I~ V
The proportionality constant is known as the
resistance.
Resistance is defined as the ratio of the voltage
across a conductor to the current it carries.
R = V/I
resistance has units of volts per ampere
Called Ohm’s ( )
1 V/1 A = 1
Ohm’s Law: V = I R
Can compare electrical current to current in a river.
- as river’s change in elevation increases, the
current increases
(the potential difference increases)
- if river is blocked up with rock, the flow decreases
(similar to having a larger resistance)
Resistor
Symbol is a zigzag
material is ohmic if the resistance is constant
over a large range of voltages
nonohmic – resistance changes with voltage
see graphs on pg 574
example 17.3
Resistivity
Resistance depends on the length and width
of the conductor.
As electrons move through the conductor,
they bounce into the atoms in the material.
The more collisions, the higher the resistance.
if you want to minimized the collisions, use a
short and wide conductor.
wider – lower resistance
longer – higher resistance.
Resistance is proportional to the length and
inversely proportional to the cross-sectional
area.
The proportionality constant is the resistivity.
R = L/A
The resistivity has units of m
Resistivity depends on what the conductor is
Switching to a high
resistance.
material will increase
Good conductors have small resitivities.
see table 17.1 (pg 576)
example 17.4
Temperature variation of resistance.
Resistance depends on resistivity.
Resistivity depends on atomic structure.
Atomic spacing depends on temperature.
= 0{1 + (T – T0)}
= temperature coefficient of resistivity (how
the resistivity changes with temperature)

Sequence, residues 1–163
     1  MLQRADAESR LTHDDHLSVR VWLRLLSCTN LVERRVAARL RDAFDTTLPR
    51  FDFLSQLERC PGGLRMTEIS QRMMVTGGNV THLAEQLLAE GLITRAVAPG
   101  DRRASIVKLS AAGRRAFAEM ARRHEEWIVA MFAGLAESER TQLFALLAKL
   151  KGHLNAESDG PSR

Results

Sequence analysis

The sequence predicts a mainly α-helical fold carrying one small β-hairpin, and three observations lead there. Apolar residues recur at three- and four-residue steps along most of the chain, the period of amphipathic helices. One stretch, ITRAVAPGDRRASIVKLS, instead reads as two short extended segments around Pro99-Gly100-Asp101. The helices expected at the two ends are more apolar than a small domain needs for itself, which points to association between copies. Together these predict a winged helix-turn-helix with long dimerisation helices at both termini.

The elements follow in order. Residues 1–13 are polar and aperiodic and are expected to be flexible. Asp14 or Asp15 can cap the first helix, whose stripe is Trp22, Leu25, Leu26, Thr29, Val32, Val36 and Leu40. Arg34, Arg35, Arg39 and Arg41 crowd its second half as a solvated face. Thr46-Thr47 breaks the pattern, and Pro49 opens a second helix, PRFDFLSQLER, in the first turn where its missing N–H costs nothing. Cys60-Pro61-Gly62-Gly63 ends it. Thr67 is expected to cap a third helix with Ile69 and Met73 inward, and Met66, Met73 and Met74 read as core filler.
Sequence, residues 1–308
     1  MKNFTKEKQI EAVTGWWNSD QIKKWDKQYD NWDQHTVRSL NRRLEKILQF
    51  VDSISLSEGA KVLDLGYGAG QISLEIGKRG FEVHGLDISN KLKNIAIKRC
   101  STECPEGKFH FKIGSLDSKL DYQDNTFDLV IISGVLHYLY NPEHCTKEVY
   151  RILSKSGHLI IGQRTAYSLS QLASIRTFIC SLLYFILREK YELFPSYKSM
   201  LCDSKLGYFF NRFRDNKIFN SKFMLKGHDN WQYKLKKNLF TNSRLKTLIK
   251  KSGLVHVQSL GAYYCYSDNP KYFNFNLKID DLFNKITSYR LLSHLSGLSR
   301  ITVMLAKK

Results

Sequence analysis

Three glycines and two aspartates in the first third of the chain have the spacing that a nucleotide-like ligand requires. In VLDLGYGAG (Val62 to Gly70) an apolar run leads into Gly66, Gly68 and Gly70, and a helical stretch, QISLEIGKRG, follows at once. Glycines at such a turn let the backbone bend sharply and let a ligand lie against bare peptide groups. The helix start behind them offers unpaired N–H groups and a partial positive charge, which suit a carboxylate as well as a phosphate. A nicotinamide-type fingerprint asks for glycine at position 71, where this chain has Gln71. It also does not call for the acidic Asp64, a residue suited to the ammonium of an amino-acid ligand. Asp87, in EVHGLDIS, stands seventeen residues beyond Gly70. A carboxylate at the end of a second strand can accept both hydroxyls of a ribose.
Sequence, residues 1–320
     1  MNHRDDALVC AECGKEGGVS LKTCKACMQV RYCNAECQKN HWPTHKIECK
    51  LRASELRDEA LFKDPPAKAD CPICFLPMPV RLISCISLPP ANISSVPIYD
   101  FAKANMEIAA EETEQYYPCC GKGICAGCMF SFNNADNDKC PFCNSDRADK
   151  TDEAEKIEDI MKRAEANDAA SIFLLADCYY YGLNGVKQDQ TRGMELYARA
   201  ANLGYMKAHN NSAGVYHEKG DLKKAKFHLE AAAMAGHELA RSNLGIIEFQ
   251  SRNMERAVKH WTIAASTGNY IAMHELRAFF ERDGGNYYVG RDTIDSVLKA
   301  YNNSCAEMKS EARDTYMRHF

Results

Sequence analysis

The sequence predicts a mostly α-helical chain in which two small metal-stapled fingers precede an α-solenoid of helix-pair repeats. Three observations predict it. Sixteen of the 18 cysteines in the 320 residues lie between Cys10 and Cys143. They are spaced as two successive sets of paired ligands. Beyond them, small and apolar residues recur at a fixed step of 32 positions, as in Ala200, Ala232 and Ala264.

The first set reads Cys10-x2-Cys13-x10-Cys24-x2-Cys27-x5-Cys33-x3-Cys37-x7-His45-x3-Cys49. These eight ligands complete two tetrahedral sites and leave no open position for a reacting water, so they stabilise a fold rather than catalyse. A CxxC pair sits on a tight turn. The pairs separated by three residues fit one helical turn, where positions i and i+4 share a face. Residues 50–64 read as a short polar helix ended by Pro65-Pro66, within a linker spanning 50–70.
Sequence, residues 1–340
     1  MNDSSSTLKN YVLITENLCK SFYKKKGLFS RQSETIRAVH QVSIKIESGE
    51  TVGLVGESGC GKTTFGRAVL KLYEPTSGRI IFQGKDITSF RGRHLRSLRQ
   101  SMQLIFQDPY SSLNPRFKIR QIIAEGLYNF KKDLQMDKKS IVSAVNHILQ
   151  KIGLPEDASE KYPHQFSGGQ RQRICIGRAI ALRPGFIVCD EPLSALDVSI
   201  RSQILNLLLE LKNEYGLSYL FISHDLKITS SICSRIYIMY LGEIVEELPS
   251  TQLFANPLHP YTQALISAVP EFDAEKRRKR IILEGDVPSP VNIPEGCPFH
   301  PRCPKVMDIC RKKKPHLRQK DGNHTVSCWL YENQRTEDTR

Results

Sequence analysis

Second column of table on page 576.
Sine resistivity changes with temperature,
so does resistance.
R = R0{1 + (T – T0)}
and R0 are the resistivity and resistance at a
reference temperature T0.
0
When you increase the temperature of a resistor,
the resistance increases.
Superconductors
Resistance increases with temperature.
Low temp, low resistance.
For some metals, there is a critical temperature, Tc,
where the resistance drops to zero.
If R = zero, then an established current will flow
without an applied voltage.
Goal is to produce superconductors at higher and
higher temperatures.
Electrical Energy and Power
As charge moves around circuit, it increases in
potential as it goes through battery, then loses
potential as it goes through resistor. When it
returns to original point it is back at original
potential.
Remember that there are collisions between the
charge and the atoms in the resistor. This causes
the resistor to gain thermal energy.
The potential energy is turned into thermal
energy.
As charge passes through resistor, the charge,
Q, loses an amount of potential energy Q V.
If it takes time, t, to pass through the resistor,
the rate that the charge loses potential energy
is:
Q V/ t
=
( Q/ t)DV = I V
power is current x potential difference
P=IV
Using Ohm’s law we can make subtitutions and
see:
P = I V = I2R = V2/R
Do examples 17.6 and 17.7a
units
SI unit of energy is the Joule (J)
SI unit of power is the Watt (W)
Power = energy/time
Unit used by electric companies is the: kilowatt-hour.
This is a unit of energy.
1 kWh = using 1000 W for 1 hour of time
1kWh = (103 W)(3600 s) = 3.6 x 106 J
```